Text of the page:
But the sanctions, imposed by President Obama in late December in response to Russia's alleged attempts to influence the presidential election via cyberattacks, will remain for "at least for a period of time," Trump told The Wall Street Journal in an interview published Friday night.
"If you get along and if Russia is really helping us, why would anybody have sanctions if somebody’s doing some really great things?" he asked.
Trump also said that once he's sworn in as the 45th president, he will happily meet with Putin. "I understand that they would like to meet, and that’s absolutely fine with me," he said.
Also noteworthy was Trump's suggestion that the American "One China" policy -- which views Taiwan as part of China, not as a separate country -- could be modified.
"Everything is under negotiation including 'One China,'" Trump told The Wall Street Journal.
Such a move would anger China, considering it views Taiwan as a renegade province. China, for example, lodged a formal complaint with the U.S. after Trump accepted a congratulatory phone call last month from Taiwanese president Tsai Ing-wen.
Trump has repeatedly said in the past that he would label China a currency manipulator, but he told The Wall Street Journal he's not looking to do that on his first day in the Oval Office. "I would talk to them first," he said. "Certainly they are manipulators. But I'm not looking to do that."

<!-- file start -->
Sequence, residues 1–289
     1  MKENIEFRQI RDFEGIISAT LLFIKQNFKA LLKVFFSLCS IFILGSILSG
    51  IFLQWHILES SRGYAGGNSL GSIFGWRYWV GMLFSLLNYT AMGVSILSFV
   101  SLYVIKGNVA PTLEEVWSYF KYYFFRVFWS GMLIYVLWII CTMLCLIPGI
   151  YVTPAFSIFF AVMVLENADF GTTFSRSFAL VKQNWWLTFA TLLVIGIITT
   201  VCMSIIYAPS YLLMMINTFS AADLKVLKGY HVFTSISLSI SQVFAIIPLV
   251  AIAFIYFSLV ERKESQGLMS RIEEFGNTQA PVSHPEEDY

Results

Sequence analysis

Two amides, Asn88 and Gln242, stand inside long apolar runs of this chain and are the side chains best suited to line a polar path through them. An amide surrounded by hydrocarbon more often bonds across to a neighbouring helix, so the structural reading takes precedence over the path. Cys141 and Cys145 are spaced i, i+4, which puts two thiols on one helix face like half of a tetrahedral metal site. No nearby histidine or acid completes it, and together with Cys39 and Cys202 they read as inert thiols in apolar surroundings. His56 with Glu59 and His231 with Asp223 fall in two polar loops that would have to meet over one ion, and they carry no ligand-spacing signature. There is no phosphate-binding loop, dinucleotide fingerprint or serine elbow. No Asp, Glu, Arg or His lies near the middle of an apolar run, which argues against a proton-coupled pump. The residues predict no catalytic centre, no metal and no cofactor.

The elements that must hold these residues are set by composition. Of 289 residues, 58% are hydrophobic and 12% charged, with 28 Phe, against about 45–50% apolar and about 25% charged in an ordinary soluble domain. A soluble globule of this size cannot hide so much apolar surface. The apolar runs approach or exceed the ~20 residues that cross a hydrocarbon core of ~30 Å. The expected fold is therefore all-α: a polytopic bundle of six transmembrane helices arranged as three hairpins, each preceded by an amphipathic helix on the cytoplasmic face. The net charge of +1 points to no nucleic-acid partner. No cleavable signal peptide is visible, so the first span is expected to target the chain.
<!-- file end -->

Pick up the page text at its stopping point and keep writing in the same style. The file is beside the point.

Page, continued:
But he didn't back down from his previous criticism of the Chinese. "Instead of saying, 'We're devaluating our currency,' they say, 'Oh, our currency is dropping.' It's not dropping," he said. "They're doing it on purpose ... Our companies can't compete with them now because our currency is strong and it’s killing us."
Trump did have kind words to say about Chinese leader Xi Jinping, though, who sent the incoming commander in chief a holiday greeting card. "I have a beautiful card from the chairman," he said.